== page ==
November 07, 2007
Flying Salukis win regional title, head to nationals
CARBONDALE, Ill. — For the first time in three years, the Southern Illinois University Carbondale Flying Salukis won the National Intercollegiate Flying Association Region VIII competition this past weekend.
The Flying Salukis finished with 569 points, outdistancing the University of Illinois (439) and Lewis University (405) to win the regional title at Middle Tennessee State University in Murfreesboro, Tenn. Other teams competing Oct. 31-Nov. 4 were Purdue University, Indiana State University, and host Middle Tennessee State University.
The top three teams receive automatic berths to NIFA's competition, May 4-10, at Smyrna Airport in Smyrna, Tenn. Middle Tennessee State University will host the national competition.
The Flying Salukis' automatic bid marks the 38th national appearance in 39 years — the squad's string of 37 straight appearances was snapped last year. The Flying Salukis have won seven NIFA national titles; the latest in 1985. The Flying Salukis finished fourth in the nation in 2005, and fifth nationally in 2006. The team's last regional title was in 2004.
In this year's regional team competition, the Flying Salukis finished first in ground events and second in flight events. The Flying Salukis also received the Safety Award. In all, 12 of 16 team members scored points in the competition.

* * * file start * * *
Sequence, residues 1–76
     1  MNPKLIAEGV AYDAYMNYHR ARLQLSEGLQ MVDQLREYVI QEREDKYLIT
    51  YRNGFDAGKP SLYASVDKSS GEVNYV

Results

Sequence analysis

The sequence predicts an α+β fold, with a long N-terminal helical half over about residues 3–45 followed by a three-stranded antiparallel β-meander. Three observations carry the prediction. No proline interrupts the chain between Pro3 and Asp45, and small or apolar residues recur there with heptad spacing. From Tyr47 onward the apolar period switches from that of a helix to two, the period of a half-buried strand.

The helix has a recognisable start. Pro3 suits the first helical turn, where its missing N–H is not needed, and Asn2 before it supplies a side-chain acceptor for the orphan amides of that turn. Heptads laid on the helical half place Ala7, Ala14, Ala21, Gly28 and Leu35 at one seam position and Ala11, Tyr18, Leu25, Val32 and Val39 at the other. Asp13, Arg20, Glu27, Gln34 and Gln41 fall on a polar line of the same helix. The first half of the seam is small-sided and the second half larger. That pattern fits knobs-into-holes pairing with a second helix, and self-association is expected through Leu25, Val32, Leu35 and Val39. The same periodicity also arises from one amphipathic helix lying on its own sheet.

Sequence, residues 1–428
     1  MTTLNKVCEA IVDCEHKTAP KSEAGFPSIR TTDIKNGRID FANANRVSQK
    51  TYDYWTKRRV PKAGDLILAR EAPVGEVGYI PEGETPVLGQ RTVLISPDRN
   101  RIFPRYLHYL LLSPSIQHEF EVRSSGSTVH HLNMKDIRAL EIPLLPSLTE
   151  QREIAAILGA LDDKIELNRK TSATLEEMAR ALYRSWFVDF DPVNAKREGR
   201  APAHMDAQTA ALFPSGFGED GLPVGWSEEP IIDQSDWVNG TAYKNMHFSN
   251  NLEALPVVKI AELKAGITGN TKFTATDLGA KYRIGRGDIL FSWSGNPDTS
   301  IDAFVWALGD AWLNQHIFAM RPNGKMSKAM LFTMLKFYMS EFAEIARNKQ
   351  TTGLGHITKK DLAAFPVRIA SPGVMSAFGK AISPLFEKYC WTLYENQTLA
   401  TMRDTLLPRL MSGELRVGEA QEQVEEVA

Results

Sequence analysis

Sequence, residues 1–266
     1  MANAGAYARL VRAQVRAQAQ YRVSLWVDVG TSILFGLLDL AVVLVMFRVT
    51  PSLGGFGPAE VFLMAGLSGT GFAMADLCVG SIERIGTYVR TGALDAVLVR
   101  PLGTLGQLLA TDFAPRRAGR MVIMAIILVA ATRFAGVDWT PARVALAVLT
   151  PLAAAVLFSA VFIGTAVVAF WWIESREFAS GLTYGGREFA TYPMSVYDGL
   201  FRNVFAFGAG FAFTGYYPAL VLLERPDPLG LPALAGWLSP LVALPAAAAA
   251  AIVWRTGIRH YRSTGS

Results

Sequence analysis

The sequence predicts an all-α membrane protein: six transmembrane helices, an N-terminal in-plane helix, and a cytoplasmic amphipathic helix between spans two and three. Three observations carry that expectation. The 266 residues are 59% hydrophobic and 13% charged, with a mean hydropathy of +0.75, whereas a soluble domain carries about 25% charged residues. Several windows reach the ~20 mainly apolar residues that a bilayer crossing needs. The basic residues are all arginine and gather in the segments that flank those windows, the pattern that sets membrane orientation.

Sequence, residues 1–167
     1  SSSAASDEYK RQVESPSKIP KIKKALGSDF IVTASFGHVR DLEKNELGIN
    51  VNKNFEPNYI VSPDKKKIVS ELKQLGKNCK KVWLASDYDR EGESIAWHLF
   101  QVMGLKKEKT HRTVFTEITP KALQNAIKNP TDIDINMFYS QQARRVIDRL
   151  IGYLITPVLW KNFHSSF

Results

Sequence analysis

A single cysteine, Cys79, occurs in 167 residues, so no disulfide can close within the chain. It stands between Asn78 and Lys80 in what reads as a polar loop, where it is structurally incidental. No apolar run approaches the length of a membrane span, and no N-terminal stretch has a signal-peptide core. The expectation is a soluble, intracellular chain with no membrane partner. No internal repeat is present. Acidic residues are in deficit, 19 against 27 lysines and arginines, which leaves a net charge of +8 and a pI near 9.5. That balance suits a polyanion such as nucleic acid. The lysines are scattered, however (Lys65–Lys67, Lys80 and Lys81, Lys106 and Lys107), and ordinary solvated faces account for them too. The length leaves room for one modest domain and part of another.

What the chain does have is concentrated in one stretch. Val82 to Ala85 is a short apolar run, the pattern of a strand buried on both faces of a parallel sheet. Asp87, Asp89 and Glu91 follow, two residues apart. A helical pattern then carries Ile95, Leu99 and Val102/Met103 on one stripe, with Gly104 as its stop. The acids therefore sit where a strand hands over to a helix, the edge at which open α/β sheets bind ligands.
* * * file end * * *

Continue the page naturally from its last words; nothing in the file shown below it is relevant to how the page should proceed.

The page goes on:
Ground events were computer accuracy, aircraft preflight inspection, simulator, aircraft recognition and simulated comprehensive area navigation (SCAN). Flight events were short-field landings, power-off precision landings, navigation and message drop.
"I'm extremely proud of everyone on the team," said coach Nathan J. Lincoln, a senior lecturer in the Department of Aviation Management and Flight. "They outperformed the other schools we competed against to win by 130 points. It was extremely pleasing to get a regional championship with that kind of domination over the competition."
Advancing to the SAFECON (Safety and Flight Evaluation Conference) national finals was a key motivation for the team after it missed securing an automatic berth last year by one point, and then did not receive an at-large bid, said assistant coach Kim Carter, a senior lecturer and academic adviser.
"I'm very pleased," Carter said. "The returning team members from last year were really driven to improve this year."
Lincoln noted this year's team is more experienced — there were seven first-year team members a year ago. Having most of the team return this fall helped. The squad also stepped up its practices — both as a team and individually, he said.
Andrew A. Ross, a junior in aviation management, finished first in aircraft recognition and second in aircraft preflight inspection. He teamed with Brandon E. Crowd to finish 10th in the navigation event; Ross was the pilot while Crowd was the navigator. Ross is the son of Richard and Christina Ross of Bartlett.
Crowd, a junior in aviation management, also finished second in aircraft recognition. Crowd is the son of Deidra Tig-Crowd and Sylvester Crowd of Long Beach, Calif.